It’s been visited by the Antiques Road Trip, but have you paid it a visit yet?
The Kent Museum of Freemasonry sits on the edge of St. Peter’s Place, near the Westgate Towers. It’s an Arts Council accredited museum which boasts a rare collection of exhibits of national and international importance, with a vast collection of regalia and books covers all Masonic orders through the ages.
It’s completely free, it’s on our doorstep, and this year, the Freemason’s are celebrating 300 years since their first historic meeting. But, with an organisation so mysterious, we still had some questions to answer about the Freemasons…
What is a Freemason?
There are over 200,000 Freemasons belonging to more than 7,000 lodges throughout England and Wales. Worldwide, there are estimated to be around six million members. The Freemasons are an international organisation, often shrouded in mystery, with whispers of secret handshakes and conspiracy theories.
But, for many who join, it is a fraternal organisation that takes part in charitable giving, offering people the opportunity to network and connect with others.
The secret rituals associated with the Freemasons are all to do with teaching members the three tenets or “great principles” that the organisation or “craft” is based on.
These are brotherly love (tolerance, respect and kindness towards others), relief, or charity work (the masons are thought to be second only to the national lottery in the UK for giving money to charitable causes), and truth, which means maintaining high moral standards.
Can anybody join?
Yes, provided that you believe in a ‘Supreme Being’. All Freemasons are expected to have a religious belief, but Freemasonry does not seek to replace a Mason’s religion or provide a substitute for it. It deals ‘in a man’s relationship with his fellow man not in a man’s relationship with his God’.
Members can be recommended by existing members, or they can put themselves forward.
Why do people join the Freemasons?
In an interview with the BBC, Nigel Brown, Grand Secretary of the United Grand Lodge of England said that:
“There are many different reasons why people join the Freemasons – one of the main reasons is camaraderie. Many friendships made through Freemasonry endure for life, and lodge dinners which follow our formal meetings offer members the opportunity to enjoy each others’ company in a more relaxed and informal environment.
Other reasons put forward during the research for The Future of Freemasonry report include a sense of belonging and structure – which are not always easy to find in today’s fragmented society – and a desire to help other people by getting involved in the local community.”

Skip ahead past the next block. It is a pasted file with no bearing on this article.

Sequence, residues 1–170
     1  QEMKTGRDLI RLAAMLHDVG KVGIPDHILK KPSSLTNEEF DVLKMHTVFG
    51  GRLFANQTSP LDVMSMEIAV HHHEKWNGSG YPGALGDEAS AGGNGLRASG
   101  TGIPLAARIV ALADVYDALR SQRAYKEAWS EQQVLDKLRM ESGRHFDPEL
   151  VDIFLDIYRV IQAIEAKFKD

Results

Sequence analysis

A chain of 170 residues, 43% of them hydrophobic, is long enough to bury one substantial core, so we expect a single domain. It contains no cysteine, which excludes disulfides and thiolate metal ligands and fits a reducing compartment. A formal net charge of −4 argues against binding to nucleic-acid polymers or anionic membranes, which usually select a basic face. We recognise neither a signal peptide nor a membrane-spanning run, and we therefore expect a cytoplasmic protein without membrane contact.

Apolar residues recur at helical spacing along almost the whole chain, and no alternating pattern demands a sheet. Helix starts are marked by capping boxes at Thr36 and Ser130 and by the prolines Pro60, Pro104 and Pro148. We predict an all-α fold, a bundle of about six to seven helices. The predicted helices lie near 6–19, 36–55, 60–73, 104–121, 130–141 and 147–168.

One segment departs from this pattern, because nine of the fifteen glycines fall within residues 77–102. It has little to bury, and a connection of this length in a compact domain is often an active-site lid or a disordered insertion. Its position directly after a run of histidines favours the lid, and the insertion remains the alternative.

Can women join the Freemasons?
Women can join, but men and women have their own separate ‘Grand Lodges’.
The Grand Lodge, or governing body, meets four times a year – the “quarterly communication” – on the second Wednesday in March, June, September and December. They then have an “annual investiture” and a “grand festival” – during which awards are presented to members.
Is the work of the Freemasons linked to the Cathedral?
While not directly linked, the Freemasons have taken a lot of our symbolism from stonemasonry. As with stonemasonry, Freemasonry is about moving from level to level as you gain further knowledge and experience, starting with being an apprentice.
The general consensus amongst Masonic scholars is that it is believed to have originated in England in the late 16th or early 17th centuries, descending directly or indirectly from the organisation of operative stonemasons who built the great cathedrals and castles of the Middle Ages.
Due to this shared history, there has been a historical cooperation between the masons and the cathedral, with Masonic connections in the two colourful windows in the Chapter House and the Martyrdom dating from 1896 and 1954. Masons have recently raised thousands of pounds for the cathedral and received a Cathedral service which marked 300 years since the first Grand Lodge was established.
Did you know…
Famous Freemasons include Edmund Burke, William Hogarth, Sir Walter Scott, Peter Sellers and Winston Churchill.